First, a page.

Before answering, sir, I would like to
consult my counsel.?Tit-Bits. J
Knows All About Him.?"Do you
know McSwifter pretty well?" "Know
him? Every time he expresses an opln- ]
ion I can tell whether it is his own or
whether he got it from his wife."?Chlnncn
Pout. , * '
Peasant?Five dollars fine for entering
this estate. Tourist?But why Is no
warning sign put up then? 'We had
one, but took It down again, for while
It was up no one came In."?Fliegende
Blatter.
Self-Preeervatlon.?"That man," remarked
one Spanish soldier, "hasn't the
respect of anybody In his regiment."
"Is he lacking in bravery?" "I should
soy so. He is so much afraid of being
hit by a bullet that he Insists on getting ]
as near tho target as possible when our
gunners are practising."?Washington
Star. _
Catarrh Cannot 1m Cm r*d.
by local applications as they cannot .
reach the diseased portion or the ear. "
There Is only one way to cure deafness,
and that Is by constitutional remedies. Deafness
Is caused by an Inflamed con-' I
ditlon of the mucous lining of the Eus-, I
tachlan Tube. When this tube Is inflamed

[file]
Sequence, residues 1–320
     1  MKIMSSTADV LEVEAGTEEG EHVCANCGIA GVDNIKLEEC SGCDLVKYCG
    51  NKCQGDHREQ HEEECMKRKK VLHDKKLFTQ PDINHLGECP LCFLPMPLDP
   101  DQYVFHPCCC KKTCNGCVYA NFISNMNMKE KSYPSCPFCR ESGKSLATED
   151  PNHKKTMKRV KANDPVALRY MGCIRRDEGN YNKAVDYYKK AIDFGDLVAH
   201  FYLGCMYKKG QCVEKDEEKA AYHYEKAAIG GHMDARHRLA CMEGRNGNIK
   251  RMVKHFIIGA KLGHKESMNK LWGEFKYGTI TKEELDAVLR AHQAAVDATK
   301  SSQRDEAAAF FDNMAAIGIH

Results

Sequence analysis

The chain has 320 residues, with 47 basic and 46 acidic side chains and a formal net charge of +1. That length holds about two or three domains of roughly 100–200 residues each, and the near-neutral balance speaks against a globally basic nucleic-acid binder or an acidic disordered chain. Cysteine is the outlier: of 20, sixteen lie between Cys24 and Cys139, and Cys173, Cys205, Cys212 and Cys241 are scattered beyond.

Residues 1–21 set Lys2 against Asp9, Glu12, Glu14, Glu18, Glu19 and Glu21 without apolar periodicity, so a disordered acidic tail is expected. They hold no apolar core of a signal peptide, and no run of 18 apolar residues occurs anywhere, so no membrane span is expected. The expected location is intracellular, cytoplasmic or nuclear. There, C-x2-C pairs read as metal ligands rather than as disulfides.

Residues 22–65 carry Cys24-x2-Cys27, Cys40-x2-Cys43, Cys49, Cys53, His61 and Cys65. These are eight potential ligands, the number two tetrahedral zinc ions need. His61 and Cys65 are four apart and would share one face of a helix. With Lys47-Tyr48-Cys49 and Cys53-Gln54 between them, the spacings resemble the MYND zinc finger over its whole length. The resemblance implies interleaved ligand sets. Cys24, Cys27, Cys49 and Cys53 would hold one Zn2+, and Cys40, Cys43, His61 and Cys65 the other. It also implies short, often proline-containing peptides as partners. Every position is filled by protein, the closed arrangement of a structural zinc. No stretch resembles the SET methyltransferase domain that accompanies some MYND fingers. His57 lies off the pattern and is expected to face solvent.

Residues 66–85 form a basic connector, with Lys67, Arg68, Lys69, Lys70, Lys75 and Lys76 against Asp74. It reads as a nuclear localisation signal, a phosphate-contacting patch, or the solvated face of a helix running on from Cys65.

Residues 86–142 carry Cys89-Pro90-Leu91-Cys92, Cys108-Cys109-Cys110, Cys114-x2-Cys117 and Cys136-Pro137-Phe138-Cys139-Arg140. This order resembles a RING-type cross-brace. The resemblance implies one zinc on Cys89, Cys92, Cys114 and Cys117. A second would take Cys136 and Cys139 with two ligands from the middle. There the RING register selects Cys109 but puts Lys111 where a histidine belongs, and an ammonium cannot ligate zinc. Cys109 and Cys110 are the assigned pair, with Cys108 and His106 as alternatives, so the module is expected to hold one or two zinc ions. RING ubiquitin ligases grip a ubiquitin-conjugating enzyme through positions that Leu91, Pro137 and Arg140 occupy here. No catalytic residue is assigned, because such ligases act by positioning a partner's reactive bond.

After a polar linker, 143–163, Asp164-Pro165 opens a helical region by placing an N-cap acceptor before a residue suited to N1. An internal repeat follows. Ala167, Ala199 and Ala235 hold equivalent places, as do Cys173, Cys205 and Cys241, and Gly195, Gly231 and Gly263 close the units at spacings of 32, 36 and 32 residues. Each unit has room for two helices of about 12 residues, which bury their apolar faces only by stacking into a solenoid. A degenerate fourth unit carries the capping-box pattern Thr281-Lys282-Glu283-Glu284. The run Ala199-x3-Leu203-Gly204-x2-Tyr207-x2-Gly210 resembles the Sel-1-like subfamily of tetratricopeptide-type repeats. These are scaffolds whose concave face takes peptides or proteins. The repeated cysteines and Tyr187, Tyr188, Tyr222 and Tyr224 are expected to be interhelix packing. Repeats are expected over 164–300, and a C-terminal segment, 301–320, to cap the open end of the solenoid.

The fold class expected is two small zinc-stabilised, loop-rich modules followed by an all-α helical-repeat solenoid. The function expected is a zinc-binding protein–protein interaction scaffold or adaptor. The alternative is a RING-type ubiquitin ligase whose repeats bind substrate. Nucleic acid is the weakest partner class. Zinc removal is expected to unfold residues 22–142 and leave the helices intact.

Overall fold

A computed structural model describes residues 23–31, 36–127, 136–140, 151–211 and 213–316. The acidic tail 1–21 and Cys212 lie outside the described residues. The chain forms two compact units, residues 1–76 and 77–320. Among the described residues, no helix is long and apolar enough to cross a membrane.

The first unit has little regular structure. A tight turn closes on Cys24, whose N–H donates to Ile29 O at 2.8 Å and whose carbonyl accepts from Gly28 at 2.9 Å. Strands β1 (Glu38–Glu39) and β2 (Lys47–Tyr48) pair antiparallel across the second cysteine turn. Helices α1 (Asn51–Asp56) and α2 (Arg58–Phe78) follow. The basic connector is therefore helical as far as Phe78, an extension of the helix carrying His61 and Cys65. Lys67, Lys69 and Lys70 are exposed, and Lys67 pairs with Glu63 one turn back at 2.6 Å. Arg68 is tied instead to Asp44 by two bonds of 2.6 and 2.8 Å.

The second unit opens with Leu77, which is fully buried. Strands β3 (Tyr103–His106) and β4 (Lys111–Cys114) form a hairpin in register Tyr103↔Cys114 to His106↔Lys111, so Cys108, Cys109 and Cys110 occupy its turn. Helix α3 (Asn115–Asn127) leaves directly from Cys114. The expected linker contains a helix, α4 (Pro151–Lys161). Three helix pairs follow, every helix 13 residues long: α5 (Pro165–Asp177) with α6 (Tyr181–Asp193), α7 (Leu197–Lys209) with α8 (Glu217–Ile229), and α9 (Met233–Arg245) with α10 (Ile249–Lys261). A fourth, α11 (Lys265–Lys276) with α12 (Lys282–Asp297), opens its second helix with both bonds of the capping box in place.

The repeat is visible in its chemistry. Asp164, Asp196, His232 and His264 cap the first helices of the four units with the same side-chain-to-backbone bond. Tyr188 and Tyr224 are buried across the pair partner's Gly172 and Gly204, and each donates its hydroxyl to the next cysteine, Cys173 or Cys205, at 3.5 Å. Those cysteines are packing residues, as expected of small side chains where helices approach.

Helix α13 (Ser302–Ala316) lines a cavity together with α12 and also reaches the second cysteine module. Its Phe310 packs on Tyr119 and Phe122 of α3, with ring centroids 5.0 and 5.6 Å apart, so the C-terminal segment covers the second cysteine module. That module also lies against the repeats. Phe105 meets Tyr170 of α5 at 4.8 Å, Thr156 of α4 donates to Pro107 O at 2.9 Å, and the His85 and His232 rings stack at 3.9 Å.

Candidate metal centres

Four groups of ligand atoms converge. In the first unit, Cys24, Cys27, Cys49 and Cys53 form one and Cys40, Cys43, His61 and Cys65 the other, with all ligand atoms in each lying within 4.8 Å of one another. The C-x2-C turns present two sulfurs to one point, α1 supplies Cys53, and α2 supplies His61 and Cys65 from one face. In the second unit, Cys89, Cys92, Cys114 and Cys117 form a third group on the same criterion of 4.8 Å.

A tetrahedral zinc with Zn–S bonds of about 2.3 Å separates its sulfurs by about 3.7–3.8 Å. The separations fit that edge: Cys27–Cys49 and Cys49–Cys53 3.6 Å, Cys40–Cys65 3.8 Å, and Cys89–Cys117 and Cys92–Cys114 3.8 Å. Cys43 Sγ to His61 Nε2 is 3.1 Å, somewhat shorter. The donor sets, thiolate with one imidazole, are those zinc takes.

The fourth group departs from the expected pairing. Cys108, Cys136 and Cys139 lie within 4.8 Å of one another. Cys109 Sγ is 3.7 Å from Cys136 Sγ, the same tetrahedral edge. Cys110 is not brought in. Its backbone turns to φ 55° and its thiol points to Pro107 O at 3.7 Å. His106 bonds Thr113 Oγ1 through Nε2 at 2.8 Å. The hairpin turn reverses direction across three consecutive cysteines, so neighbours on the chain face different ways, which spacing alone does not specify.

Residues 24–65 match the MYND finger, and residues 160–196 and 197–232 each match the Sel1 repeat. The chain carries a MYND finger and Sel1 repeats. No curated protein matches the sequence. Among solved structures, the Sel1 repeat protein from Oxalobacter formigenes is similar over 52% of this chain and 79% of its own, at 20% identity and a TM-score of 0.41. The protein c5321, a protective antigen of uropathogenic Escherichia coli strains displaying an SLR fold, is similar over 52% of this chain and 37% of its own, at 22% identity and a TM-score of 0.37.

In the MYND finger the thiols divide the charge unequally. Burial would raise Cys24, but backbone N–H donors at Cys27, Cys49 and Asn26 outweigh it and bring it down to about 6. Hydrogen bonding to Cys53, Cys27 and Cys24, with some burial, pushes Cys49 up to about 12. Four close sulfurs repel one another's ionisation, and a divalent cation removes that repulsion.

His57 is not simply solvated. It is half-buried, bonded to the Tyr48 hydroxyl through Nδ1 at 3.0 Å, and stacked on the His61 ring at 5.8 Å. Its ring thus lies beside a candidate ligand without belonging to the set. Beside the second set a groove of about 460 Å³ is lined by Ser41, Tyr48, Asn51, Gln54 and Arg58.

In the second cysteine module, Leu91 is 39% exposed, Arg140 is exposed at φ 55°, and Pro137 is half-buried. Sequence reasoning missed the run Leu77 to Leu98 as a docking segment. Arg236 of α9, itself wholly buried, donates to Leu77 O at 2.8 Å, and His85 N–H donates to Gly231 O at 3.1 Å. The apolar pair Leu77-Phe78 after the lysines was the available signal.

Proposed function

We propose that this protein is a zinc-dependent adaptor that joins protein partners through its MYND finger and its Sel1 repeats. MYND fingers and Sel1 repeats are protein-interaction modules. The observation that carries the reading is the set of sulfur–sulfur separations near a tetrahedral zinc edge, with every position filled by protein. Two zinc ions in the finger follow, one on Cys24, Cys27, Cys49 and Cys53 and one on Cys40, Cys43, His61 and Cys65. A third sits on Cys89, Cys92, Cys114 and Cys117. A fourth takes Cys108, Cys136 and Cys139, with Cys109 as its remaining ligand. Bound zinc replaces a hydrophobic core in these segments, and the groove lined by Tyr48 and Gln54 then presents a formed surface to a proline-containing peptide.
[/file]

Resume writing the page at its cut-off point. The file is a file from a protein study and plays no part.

you have a rumbling sound or i
impeneci neuriti*. ujiu wncn n is entirely
closed, Deafness is tho result,
and unless the Inflammation can bo ta- ?
ken out and this tube restored to Its
normal condition, hearing will be destroyed
forever; nine cases out of ten I
are caused by catarrh, which is nothing
but an Inflamed condition of the mu- ?
2ouh surfaces.
We will Rive One Hundred Dollars for
any case of Deafness (caused by ca- G
tarrh) thot cannot be cured by Hall's
Catarrh Cure. Send for circulars; free. r
F. J. CHENEY, & CO.. Toledo. O.
Sold by Druggists. 75c.
Hall's Family Pills are the best. -A
Kirtii'itirtalnt Wonder. .
Did you ever see it If you have you ;
wish to sw it again. The Cleveland,
uorain & Wheeling Hallway (one of the ~
condors), wlH take you to Niagara Falls J
in?l return for less than you can stay at
K?me. Excursion traJn on August 27th
yiith through.,sleepers and ladies' coach- Cl
?? from nil stations. Consult agents and q
?et a ticket entitling you to a good seat a
?r Deirn. jflveryx>oay going inis year. ki
ttop-oveni granted at Chautauqua lake.
Kicnraloiia to Okland kiul Nomitalii L?k? "
Pnrk.
August 2 to 25 the Baltimore & Ohio q
vlll noil excursion tickets to Oakland. 2
Mountain Luko Park and Deer Park, at X
rate of one fare for the round trip, good 2
eturnlng until August 31. Inclusive. X
Q.A o. bnnitiy ICxanrxtout on Fourth I
DIvltlOH.
Commencing Sunday. May 29, and J
iverf Sunday thereafter, until Septem- I
>er 2.". inclusive, the Baltlmoro & Ohio J,
vlll sell excursion tickets to and from 1
ill motions between Wheeling and x
Jrafton. good returning date of sale, at I
>ne fare for tlio round trip, with ten 5
'onts added. Y